Friday, November 28, 2014

Book Review: The Girl and the Bicycle by Mark Pett (2014)

A young girl spies the perfect bicycle in a shop window, then works hard for months to earn the money for it, only to be surprised by the generosity of a kind neighbor.
Because there are no words, the illustrations must carry this story entirely on their own. They do so flawlessly. There is so much personality in the movements of the little girl and the younger brother who tags along with her through much of the book that no words are necessary to know them well. The same is true of the neighbor for whom the little girl works. We learn many things about her - including the fact that she is lonely - from watching her interact with the girl and from the details of her home (such as a photo of a man who must be her husband sitting in the box in her garage.) The sincerity of this story would never come across half as well if the author had tried to put it into words. The fact that the bicycle is the only part of the book that appears in color (aside from a brief appearance by the red airplane from the author's other wordless book) is also a nice touch.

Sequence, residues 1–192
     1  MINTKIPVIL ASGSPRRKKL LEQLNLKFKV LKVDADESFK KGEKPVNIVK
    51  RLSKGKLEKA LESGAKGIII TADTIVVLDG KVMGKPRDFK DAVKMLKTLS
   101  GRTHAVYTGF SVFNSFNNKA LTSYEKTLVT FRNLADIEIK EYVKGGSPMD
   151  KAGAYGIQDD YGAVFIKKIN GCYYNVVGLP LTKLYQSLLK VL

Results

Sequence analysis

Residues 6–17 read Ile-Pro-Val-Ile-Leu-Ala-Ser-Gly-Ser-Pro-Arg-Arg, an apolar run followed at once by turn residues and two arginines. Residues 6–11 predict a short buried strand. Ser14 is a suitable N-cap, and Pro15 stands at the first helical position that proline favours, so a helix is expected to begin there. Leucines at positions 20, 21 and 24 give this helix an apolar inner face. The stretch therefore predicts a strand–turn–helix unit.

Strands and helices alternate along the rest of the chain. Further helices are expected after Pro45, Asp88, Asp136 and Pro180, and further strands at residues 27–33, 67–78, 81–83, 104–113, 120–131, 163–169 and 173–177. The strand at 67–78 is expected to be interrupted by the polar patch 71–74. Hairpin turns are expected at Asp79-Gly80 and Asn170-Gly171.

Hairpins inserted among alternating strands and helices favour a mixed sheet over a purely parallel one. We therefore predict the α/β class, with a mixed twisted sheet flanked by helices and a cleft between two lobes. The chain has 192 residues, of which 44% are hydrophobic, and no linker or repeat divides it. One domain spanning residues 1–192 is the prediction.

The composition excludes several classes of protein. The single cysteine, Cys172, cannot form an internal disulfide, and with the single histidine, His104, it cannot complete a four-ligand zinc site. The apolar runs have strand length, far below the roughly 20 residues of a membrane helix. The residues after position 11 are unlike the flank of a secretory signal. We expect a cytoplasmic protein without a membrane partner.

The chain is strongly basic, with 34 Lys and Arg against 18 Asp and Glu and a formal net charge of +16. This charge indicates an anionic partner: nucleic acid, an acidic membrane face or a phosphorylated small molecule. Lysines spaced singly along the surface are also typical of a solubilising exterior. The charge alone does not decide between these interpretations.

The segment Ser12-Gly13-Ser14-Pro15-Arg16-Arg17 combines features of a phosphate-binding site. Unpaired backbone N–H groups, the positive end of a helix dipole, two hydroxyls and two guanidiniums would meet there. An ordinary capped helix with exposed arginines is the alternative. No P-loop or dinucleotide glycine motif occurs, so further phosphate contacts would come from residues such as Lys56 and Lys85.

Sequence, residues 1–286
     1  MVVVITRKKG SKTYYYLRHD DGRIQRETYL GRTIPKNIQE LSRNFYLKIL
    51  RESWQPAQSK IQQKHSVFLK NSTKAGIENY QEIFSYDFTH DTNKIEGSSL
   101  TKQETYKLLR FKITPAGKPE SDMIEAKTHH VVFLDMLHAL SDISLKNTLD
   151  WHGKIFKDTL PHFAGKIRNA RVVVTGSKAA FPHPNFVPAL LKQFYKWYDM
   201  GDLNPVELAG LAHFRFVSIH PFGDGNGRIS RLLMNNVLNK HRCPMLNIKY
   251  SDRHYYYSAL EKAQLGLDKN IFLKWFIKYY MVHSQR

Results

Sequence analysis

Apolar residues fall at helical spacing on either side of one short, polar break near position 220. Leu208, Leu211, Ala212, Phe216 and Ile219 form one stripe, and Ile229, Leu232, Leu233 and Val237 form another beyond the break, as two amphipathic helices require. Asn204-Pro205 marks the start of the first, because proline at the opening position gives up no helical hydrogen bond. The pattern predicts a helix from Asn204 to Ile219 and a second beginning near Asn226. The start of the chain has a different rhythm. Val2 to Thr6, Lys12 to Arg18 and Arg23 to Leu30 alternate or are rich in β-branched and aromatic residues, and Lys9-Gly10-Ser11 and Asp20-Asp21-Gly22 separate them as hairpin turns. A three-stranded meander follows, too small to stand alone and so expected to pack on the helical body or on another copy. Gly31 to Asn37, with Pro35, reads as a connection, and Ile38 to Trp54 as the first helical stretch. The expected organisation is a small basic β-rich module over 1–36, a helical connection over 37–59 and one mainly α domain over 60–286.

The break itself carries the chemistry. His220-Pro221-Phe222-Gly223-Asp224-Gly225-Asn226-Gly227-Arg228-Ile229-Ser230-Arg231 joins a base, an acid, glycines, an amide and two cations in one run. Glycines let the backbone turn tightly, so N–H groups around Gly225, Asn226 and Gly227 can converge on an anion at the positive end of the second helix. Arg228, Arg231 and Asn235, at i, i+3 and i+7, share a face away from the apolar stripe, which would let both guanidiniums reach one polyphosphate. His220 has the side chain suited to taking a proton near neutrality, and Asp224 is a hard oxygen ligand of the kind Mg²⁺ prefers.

Adults who have trouble with more complicated and surreal wordless books (like those by David Wiesner, for example) might find this one easier to understand and therefore easier to share with kids. The story is completely linear, and the setting is very familiar. A great read-alike might be The Boys by Jeff Newman, another wordless book which also celebrates inter-generational friendships. Also consider pairing it with other picture books about bicycles, including Everyone Can Learn to Ride a Bicycle by Chris Raschka and Duck on a Bike by David Shannon.

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